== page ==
One final note: I’m not sure what he’s like in the funnybooks, but the TV Baron Sunday is a massively successful stage magician who quietly uses voodoo on the side, and his latest tour has brought him to Metropolis. His PR team announces him to the Daily Planet by way of an old-fashioned folder press kit, with some 8×10 color glossies in one pocket and typed copy in the other, along with a pair of comped tickets. When this aired, I collected press kits and I wanted that prop press kit so badly it hurt. (I still have two: for Jurassic Park and the godawful 1990s Land of the Lost remake.) Maybe I shouldn’t have been such a know-it-all jerk on the newsgroup and let all the producers know how many pillows I was throwing at the screen every Sunday. If I’d have been sweet and polite, maybe one of them would have let me have it!

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The Hardy Boys / Nancy Drew Mysteries 1.10 – Mystery of the Fallen Angels

The previous episode of Nancy Drew was full of established Hollywood stars making guest appearances, but this morning’s story was full of up-and-comers. Cast as four motorcycle-riding carnival workers who have a job on the side heisting appliances from fancy houses, there are two of the stars of Jason of Star Command, which would begin production a little more than a year later: Craig Littler and Susan O’Hanlon. Perhaps better known are the other two members of the gang: Jamie Lee Curtis and Robert Englund. Beverly Garland also has a major role in this story, but she was no up-and-comer; she probably had more than two hundred credits by the time she’d made this.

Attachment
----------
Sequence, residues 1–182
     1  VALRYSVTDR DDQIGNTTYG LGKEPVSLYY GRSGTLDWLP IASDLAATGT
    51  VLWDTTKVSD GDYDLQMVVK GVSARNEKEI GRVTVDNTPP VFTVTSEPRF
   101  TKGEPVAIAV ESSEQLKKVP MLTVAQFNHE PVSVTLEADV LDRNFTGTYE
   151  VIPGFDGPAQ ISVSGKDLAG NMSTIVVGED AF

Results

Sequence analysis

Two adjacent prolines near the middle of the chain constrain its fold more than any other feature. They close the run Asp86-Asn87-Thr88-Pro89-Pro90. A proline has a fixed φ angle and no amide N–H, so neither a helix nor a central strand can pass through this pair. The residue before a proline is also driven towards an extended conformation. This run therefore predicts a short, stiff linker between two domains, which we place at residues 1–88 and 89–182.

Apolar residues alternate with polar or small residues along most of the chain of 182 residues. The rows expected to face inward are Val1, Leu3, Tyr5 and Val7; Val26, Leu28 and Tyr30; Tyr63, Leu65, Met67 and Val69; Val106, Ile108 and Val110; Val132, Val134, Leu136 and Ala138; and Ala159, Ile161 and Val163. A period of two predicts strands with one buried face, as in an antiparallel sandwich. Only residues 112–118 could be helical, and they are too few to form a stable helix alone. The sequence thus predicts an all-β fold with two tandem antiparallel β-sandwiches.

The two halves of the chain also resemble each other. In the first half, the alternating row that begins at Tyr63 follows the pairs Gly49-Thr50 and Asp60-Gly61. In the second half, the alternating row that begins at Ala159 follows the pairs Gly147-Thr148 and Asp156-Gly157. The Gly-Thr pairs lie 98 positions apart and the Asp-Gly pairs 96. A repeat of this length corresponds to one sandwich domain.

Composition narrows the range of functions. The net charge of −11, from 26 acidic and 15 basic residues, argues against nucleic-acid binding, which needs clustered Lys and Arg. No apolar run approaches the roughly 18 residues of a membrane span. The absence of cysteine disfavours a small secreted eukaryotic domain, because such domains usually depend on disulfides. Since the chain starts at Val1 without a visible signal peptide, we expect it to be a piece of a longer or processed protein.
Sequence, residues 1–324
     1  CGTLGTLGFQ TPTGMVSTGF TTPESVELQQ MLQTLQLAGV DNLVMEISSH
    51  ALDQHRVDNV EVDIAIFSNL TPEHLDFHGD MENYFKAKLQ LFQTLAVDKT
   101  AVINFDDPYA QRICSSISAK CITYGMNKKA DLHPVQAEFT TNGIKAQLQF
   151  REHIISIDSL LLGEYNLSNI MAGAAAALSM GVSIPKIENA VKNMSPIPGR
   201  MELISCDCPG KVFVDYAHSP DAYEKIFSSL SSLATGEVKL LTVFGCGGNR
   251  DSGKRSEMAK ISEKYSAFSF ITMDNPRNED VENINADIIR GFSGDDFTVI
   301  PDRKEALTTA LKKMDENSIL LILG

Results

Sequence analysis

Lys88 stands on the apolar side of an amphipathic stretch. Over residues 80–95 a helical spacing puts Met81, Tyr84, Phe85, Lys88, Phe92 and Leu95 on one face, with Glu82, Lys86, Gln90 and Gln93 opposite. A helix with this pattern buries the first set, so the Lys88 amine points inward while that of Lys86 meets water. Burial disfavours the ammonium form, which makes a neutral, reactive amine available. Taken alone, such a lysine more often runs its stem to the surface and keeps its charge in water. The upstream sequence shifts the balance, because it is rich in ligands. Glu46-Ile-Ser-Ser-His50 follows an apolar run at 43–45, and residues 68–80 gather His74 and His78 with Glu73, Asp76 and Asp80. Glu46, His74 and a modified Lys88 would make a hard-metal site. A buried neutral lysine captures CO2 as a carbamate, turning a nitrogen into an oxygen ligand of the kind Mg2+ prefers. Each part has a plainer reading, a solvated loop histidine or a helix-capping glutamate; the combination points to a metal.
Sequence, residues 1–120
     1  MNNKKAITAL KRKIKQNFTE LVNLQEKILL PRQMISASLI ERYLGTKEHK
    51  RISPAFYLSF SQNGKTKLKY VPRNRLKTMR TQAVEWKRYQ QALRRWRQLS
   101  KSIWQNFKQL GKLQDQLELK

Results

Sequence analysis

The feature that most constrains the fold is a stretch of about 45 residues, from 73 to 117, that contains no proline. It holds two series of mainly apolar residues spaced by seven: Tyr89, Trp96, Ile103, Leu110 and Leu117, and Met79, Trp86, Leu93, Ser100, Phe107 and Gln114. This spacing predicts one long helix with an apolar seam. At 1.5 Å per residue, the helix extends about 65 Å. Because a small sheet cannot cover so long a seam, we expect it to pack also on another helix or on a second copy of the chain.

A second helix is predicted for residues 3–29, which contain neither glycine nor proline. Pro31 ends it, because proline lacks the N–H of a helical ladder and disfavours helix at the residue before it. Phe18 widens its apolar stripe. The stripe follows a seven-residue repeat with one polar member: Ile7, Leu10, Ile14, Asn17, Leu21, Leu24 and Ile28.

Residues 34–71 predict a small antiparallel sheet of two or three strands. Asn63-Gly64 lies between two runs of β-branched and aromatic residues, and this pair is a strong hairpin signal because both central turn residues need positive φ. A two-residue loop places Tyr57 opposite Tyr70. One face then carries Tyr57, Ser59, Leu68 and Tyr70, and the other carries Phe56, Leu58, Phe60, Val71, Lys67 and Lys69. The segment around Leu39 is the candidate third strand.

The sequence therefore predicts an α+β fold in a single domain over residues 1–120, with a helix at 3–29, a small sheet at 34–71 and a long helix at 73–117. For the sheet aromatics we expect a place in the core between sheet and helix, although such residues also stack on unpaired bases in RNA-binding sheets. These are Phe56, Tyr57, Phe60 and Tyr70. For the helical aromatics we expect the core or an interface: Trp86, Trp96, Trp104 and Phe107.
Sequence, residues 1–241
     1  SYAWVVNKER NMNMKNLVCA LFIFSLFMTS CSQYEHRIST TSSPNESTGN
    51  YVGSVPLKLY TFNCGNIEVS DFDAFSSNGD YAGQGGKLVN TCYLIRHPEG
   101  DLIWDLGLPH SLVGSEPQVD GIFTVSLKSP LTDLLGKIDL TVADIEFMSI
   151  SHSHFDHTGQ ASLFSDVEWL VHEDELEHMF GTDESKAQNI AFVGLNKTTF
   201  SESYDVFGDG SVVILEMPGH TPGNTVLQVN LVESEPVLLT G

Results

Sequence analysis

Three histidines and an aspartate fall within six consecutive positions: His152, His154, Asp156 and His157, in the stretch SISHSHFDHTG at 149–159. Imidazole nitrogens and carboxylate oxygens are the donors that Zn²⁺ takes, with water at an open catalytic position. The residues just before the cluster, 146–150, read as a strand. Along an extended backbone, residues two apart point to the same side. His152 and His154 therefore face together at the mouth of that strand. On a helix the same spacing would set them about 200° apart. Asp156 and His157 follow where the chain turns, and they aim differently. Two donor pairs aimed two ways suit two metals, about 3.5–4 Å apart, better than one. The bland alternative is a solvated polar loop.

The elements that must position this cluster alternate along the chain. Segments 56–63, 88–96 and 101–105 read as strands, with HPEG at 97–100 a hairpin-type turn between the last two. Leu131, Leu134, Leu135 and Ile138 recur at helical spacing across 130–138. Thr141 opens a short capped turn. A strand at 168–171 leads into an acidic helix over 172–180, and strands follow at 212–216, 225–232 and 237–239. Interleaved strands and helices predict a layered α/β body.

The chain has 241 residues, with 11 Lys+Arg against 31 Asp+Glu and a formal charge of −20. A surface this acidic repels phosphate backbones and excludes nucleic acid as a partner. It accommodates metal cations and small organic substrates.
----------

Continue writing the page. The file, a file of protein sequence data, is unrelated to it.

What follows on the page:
Also appearing, the Universal backlot. Well, it gets used in most of these episodes, but I don’t remember ever seeing it from this angle before. The carnival sets up on the other side of the studio pond, so the cameras are facing the “quaint coastal western” buildings and the riverboat, leading any viewer paying attention to ask the not unreasonable question where on Earth, other than a studio backlot, this carnival could possibly be. The actual story was just a bit of harmless fluff, but our son really enjoyed all the motorcycle stuff, including a big chase at the end that saw one or two of the “try your luck” stands destroyed by runaway bikes.

Speaking of Nancy Drew, we genuinely had no idea until yesterday that a new Nancy Drew film was released literally a month ago. I found the DVD at Target yesterday. Has anybody heard of this film? The 2007 movie with Emma Roberts has been on the “maybe” list to watch with our son for a while. Should we look at this one as well?